I have long considered the BBC to be an undemocratic and agenda driven monopoly that has become extremely skilled at hiding some of its real intent behind slick production, and clever writing/editing.
At its heart, as we all know, it is politically biased and unashamedly plays its favourites, allocating far too much time to the Jones, Mandlesons, Toynbees etc of the world to the exclusion of many social and political thinkers that would offer a far more balanced and erudite view of things.
Political reporting and comment is one thing however, the use of drama as a political and social engineering tool is quite another.
The recent series of Happy Valley demonstrates this cleverness quite well.
Taken at face value it is a gritty police drama set in a “deprived” part of semi rural West Yorkshire, some of the acting is extremely good and the story lines, mixing the comically criminal with the truly evil probably depict, albeit in microcosm, the types of things that the police have to deal with on a daily basis.
But, look a little deeper and you will see that this series, written by a woman and with strong female characters actually promotes a very different and far from subtle agenda.
All the women are both strong and forthright with a human vulnerable side, or victims who have overcome trauma and tribulation or both.
On the other hand the men in the series are depicted as either feckless, sexually profligate, downright evil or a combination of the three.
Sarah Lancashire, the star of the series, plays a police sergeant, a single mother bringing up a grandchild who is the son of a psychopath. She is portrayed as a flawed but essentially honest and reliable woman, betrayed by her husband and bemused by her eldest son who, needless to say is living at home after having an affair.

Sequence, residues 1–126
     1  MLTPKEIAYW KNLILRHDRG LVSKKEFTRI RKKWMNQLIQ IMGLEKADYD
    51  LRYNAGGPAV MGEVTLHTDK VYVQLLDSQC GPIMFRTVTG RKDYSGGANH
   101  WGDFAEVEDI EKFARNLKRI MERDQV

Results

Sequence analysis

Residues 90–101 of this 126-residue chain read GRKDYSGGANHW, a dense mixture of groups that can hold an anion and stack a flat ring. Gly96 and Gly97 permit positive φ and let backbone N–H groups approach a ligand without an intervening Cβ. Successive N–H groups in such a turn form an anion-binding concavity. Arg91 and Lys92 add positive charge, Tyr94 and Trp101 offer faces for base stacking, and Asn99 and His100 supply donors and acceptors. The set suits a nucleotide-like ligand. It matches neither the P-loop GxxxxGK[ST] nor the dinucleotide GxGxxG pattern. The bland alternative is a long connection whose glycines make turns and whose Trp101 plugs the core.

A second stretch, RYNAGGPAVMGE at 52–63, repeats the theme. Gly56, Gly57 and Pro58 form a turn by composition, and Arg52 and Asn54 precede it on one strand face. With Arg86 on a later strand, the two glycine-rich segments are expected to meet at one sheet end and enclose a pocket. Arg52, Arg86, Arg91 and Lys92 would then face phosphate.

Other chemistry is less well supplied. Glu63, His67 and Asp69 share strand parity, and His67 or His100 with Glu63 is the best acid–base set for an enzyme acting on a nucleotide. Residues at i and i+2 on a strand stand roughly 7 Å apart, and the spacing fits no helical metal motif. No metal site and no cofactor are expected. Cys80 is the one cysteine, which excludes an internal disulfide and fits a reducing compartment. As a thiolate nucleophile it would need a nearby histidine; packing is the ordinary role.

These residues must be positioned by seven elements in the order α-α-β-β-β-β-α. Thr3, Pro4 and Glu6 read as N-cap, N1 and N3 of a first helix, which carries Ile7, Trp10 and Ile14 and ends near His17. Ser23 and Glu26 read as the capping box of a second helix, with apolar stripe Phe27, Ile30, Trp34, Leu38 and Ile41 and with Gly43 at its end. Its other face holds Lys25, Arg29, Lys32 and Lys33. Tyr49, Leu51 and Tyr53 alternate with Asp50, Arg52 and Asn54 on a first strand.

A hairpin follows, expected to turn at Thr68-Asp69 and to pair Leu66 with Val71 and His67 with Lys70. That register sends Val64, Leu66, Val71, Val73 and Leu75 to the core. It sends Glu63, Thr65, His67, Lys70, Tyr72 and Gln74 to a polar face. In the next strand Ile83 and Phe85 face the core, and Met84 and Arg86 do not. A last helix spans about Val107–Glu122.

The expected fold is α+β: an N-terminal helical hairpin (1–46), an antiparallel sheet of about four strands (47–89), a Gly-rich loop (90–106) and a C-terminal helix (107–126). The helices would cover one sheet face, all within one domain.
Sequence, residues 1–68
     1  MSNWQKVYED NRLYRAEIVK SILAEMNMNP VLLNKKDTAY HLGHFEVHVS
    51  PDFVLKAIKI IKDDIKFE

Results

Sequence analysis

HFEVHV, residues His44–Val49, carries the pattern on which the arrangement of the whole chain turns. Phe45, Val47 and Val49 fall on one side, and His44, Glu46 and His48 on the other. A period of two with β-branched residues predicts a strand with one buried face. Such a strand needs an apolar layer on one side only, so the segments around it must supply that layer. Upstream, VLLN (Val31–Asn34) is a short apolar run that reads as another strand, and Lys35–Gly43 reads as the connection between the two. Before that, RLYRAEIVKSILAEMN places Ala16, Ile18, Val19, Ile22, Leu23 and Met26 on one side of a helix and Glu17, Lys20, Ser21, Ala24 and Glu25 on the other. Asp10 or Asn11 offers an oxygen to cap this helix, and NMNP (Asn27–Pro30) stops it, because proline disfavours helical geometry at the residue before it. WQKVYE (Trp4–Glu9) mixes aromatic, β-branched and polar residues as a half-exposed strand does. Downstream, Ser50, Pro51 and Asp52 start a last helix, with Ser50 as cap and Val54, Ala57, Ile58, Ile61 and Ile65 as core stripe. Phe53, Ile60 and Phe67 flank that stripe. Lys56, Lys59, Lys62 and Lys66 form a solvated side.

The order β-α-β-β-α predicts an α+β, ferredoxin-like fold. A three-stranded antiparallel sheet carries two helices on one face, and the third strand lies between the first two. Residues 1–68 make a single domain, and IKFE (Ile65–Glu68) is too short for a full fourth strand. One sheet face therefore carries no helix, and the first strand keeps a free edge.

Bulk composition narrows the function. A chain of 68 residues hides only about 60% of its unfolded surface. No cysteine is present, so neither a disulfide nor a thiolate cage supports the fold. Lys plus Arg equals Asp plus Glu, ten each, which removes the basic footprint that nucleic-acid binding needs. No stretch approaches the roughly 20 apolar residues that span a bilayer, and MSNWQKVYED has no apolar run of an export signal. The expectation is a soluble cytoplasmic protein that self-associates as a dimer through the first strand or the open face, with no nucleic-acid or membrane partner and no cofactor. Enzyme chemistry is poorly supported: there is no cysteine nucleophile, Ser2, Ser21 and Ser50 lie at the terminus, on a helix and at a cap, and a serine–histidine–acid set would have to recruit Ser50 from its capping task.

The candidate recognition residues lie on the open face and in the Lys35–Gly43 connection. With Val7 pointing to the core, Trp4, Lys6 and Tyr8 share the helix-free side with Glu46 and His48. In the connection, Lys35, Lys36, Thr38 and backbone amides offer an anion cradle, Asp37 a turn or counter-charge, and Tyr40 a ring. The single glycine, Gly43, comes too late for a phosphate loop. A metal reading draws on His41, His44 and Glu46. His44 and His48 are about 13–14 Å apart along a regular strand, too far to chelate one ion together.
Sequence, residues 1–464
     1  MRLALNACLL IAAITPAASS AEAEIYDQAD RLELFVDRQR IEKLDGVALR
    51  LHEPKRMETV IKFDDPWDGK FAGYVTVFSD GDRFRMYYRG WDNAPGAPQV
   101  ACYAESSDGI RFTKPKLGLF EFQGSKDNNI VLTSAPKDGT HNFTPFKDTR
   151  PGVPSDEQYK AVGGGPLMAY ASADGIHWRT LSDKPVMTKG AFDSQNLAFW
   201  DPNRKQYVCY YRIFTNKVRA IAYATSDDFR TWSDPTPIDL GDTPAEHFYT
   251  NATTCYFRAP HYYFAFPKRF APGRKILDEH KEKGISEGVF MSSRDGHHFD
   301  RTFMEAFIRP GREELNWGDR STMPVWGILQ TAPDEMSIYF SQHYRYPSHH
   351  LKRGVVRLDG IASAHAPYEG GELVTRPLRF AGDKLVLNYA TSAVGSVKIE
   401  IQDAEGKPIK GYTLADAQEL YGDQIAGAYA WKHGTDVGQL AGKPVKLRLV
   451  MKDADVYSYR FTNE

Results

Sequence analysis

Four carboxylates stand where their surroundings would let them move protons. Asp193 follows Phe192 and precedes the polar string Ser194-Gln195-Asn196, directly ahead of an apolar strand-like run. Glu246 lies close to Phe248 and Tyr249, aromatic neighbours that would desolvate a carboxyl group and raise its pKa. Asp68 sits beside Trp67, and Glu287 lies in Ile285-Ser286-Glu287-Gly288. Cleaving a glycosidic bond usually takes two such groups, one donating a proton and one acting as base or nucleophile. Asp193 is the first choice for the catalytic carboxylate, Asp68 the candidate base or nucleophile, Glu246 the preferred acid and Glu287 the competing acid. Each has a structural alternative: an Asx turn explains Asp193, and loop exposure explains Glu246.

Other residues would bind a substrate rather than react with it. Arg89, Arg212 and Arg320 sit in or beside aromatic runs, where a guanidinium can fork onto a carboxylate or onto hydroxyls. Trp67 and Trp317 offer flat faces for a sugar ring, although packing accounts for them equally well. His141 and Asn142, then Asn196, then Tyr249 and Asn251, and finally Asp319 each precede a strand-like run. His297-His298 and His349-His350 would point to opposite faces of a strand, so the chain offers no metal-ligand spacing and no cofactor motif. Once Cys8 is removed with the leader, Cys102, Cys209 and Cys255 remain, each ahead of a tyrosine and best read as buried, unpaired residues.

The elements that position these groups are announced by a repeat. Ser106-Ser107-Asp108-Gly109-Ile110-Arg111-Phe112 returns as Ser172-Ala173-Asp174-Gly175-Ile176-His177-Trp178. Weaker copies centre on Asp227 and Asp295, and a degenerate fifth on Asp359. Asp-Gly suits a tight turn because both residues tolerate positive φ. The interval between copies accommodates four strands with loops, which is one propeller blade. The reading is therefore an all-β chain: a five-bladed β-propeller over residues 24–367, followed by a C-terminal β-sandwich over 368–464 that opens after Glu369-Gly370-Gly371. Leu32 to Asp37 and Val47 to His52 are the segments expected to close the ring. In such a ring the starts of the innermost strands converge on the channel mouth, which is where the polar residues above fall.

This character is surrounded by females who have triumphed over adversity or who are “victims” of men be they philanderers, drug dealers, pimps, rapists or simply stupid and unthinking.
The policemen in the show are depicted as misogynistic, stupid or both.
A woman who kills her own son, who just happens to be the product of an incestuous relationship, is depicted clearly as nothing more than another victim of male abuse and so it goes on.
Not one man who is in the show for more than a bit part is portrayed as having any redeeming features.
The other thing that is striking, for an organisation which has a supposedly limitless pool of talent is the fact that the female actors playing the bigger roles are obviously sourced from a small group, no doubt a group that has the same views as the writer.